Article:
first aid christian eriksen
Chris­ti­an Erik­sen of team Den­mark col­lap­sed during EURO 2020Mar­co Iacobucci/Dreamstime.com [Dream­sti­me RF/Editorial]

Denmark’s first-aider is a hero of Euro 2020

It was one of the most sho­cking moments of the UEFA Euro­pean Cham­pions­hip 2020, as Denmark’s mid­field star Chris­ti­an Erik­sen col­lap­sed in the midd­le of the pitch, without any inter­fe­rence from the oppo­sing team, and remai­ned uncon­scious for several minu­tes. The team’s doc­tors immedia­te­ly rus­hed to his aid and Erik­sen had to be resus­ci­ta­ted several times. It took some time befo­re the foot­bal­ler was brought from the pitch into the hospital.

Later, the Danish team’s head doc­tor exp­lai­ned that Erik­sen had very near­ly died. Denmark’s cap­tain, Simon Kja­er, also play­ed a big part in saving Erik­sen. After Eriksen’s col­lap­se, the cen­tral defen­der was the first to grasp the situa­ti­on, sprin­ted from the mid­li­ne to his side, put him in the reco­very posi­ti­on, and ensu­red that he did not swal­low his tongue. He then ral­lied the ent­i­re team to form a wall around him, shiel­ding him from view – an image which moved the foot­ball community.

Howe­ver, it beca­me even more appa­rent how important it is to be able to act quick­ly in emer­gen­ci­es. After all, more than 50,000 peop­le suf­fer from car­diac arrest each year. All Ger­man citi­zens com­ple­te a basic first aid cour­se in pre­pa­ra­ti­on for their dri­ving test. Howe­ver, much of this is quick­ly for­got­ten. This is why we have lis­ted some important first aid mea­su­res here.

First aid: What should you do?

First of all, you must check whe­ther the per­son is respon­si­ve and con­scious, by spea­king to them or gent­ly nud­ging them.

If they do not react, you should call the emer­gen­cy ser­vices (in Ger­ma­ny, you should call 112). Until help has arri­ved, the person’s head should be til­ted back so that they can brea­the free­ly. You should also check whe­ther they are in fact breat­hing normally.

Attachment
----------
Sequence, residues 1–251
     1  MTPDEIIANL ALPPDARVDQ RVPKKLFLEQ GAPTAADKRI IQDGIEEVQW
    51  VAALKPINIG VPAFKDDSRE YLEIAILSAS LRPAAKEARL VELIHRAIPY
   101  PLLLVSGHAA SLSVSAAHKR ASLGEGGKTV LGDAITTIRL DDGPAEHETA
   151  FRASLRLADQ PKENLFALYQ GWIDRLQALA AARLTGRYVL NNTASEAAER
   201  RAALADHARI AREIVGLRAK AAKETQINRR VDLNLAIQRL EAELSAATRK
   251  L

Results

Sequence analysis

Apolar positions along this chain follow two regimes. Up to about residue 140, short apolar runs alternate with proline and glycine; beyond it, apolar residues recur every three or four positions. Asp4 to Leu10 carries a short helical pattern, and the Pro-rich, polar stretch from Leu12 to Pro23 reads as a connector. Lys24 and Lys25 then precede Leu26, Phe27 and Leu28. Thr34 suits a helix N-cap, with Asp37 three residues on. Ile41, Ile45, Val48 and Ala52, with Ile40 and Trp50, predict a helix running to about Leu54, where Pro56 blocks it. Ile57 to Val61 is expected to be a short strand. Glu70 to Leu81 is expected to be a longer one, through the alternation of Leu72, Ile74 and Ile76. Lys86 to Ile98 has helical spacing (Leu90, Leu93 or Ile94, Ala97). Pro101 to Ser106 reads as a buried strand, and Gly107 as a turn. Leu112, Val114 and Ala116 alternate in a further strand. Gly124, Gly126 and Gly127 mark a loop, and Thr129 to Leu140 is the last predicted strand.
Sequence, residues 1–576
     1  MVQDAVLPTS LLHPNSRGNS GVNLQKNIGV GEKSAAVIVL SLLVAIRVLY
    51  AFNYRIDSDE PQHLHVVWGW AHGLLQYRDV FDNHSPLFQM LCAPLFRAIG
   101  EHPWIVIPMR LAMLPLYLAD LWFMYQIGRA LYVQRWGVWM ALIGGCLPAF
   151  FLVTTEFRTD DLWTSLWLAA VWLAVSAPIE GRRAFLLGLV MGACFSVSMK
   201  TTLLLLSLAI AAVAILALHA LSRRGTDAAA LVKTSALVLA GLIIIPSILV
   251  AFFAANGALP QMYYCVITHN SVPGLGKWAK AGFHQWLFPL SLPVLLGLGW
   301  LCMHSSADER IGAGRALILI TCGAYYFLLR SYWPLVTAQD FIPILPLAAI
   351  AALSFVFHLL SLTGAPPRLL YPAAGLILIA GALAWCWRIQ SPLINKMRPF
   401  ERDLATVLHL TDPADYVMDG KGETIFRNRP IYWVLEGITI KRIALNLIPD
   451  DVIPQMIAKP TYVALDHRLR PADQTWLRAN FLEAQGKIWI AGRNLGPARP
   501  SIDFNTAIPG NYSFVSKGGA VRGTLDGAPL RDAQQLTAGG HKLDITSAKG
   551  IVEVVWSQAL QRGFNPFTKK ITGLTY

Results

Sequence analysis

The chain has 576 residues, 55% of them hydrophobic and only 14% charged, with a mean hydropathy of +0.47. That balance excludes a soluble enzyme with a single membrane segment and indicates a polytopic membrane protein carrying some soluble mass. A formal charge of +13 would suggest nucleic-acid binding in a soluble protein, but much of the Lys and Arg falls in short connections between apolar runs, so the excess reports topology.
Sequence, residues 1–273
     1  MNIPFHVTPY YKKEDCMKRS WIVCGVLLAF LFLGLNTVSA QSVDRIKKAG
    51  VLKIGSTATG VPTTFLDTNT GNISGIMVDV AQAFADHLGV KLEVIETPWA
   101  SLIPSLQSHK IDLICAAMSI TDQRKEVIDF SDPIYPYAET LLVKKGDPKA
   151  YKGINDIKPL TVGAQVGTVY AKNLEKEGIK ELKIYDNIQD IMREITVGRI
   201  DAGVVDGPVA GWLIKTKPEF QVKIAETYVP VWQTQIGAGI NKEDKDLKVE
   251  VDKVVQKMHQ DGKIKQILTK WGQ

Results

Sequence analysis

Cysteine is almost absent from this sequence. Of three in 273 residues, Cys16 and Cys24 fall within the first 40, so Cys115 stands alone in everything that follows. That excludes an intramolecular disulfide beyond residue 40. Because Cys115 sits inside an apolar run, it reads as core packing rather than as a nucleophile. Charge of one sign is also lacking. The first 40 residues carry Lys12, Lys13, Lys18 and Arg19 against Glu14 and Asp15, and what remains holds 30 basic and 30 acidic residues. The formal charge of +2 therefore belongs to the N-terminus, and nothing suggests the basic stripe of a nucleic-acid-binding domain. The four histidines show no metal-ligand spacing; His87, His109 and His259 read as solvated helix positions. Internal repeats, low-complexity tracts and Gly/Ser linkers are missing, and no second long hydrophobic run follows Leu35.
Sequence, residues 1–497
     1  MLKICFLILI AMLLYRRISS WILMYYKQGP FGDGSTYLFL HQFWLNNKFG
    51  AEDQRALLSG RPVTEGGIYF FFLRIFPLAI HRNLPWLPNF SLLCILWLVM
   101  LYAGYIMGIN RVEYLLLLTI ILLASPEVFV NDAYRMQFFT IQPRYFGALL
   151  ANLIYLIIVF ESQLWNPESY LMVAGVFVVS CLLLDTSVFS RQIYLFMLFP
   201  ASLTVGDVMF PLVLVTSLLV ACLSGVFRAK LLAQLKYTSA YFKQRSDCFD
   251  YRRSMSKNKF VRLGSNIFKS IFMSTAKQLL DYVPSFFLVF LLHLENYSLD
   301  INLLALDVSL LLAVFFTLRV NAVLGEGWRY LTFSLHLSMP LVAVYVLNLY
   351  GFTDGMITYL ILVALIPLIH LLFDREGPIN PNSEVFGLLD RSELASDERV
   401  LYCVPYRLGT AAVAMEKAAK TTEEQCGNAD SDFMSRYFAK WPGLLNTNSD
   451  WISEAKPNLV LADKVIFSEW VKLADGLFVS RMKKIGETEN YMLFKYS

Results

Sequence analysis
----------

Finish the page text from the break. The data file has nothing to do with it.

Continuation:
If so, they should be put in the reco­very posi­ti­on and cove­r­ed up. Head­ge­ar such as hel­mets must be remo­ved beforehand.

If the per­son is uncon­scious, howe­ver, car­dio­pul­mo­na­ry resus­ci­ta­ti­on (CPR) must be car­ri­ed out. This con­sists of alter­na­ting bet­ween 30x chest com­pres­si­ons and 2x mouth-to-mouth resus­ci­ta­ti­on. It is often said that chest com­pres­si­ons should be car­ri­ed out to the rhythm of ‘Stayin’ Ali­ve’ by the Bee Gees. The par­ti­cu­lar beat of this song makes it a good way of remem­be­ring how to do chest compressions.

Important: If you do not have a pho­ne on you, the Ger­man emer­gen­cy ser­vices can be reached via the nea­rest public emer­gen­cy tele­pho­ne. Black arrows on the white reflec­tor posts along the motor­way will direct you to the nea­rest emer­gen­cy telephone.

For more infor­ma­ti­on on first aid inst­ruc­tions plea­se visit the web­site of the Ger­man Red Cross.

First aid: Liability cases?

In 2019, Rechts­de­pe­sche had alrea­dy repor­ted on who is liable for any inju­ries due to first aid mea­su­res. It is important to remem­ber that if a lay­per­son – some­bo­dy who is not a pro­fes­sio­nal emer­gen­cy respon­der – is per­forming first aid, they will only be liable for inju­ries in cases of gross or will­ful negligence.

If, howe­ver, the emer­gen­cy respon­der has recei­ved pro­fes­sio­nal trai­ning, then “slight” or “medi­um” negli­gence could alrea­dy lead to dama­ge claims in cases of injury.

First aid refresher courses: When and where?

For your dri­vers licence, you only need to take the first aid cour­se once. Howe­ver, you should brush up on your first aid know­ledge every two to three years. Busi­ness first-aiders are often requi­red to have pro­of of par­ti­ci­pa­ti­on in refres­her cour­ses.

In Ger­ma­ny, the fol­lowing orga­ni­sa­ti­ons offer first aid courses:

  • Johan­ni­ter
  • The Ger­man Red Cross
  • ADAC
  • Mal­te­ser

Typi­cal­ly, the cost of a first aid cour­se will be no hig­her than 40 Euros. First aid trai­ning inclu­des nine tea­ching ses­si­ons, each of which is 45 minu­tes long. It is the­re­fo­re pos­si­ble, in theo­ry, to com­ple­te the ent­i­re cour­se in one day. At the end of the cour­se you will recei­ve a cer­ti­fi­ca­te of atten­dance; the­re is no final exam.

Resuscitation with defibrillators

In the past, defi­bril­la­tors were only avail­ab­le in inten­si­ve care units (ICU). Now, they can be found in many public spaces which often con­tain lar­ge groups of peop­le. The­se inclu­de train sta­ti­ons, air­ports, foot­ball sta­di­ums, out­door swim­ming pools and much more.

In order to use it, one defi­bril­la­tor elec­tro­de must be pla­ced below the col­lar­bo­ne and ano­t­her under the arm­pit, so that the machi­ne can ana­ly­se the car­diac rhythm. Most defi­bril­la­tors will inform users through a voice mes­sa­ge, fla­shing lights, or digi­tal noti­fi­ca­ti­ons when it is time to press the but­ton to car­ry out an electric shock. It is important to con­ti­nue to car­ry out chest com­pres­si­ons in bet­ween the shocks, and to not touch the per­son while giving them an electric shock.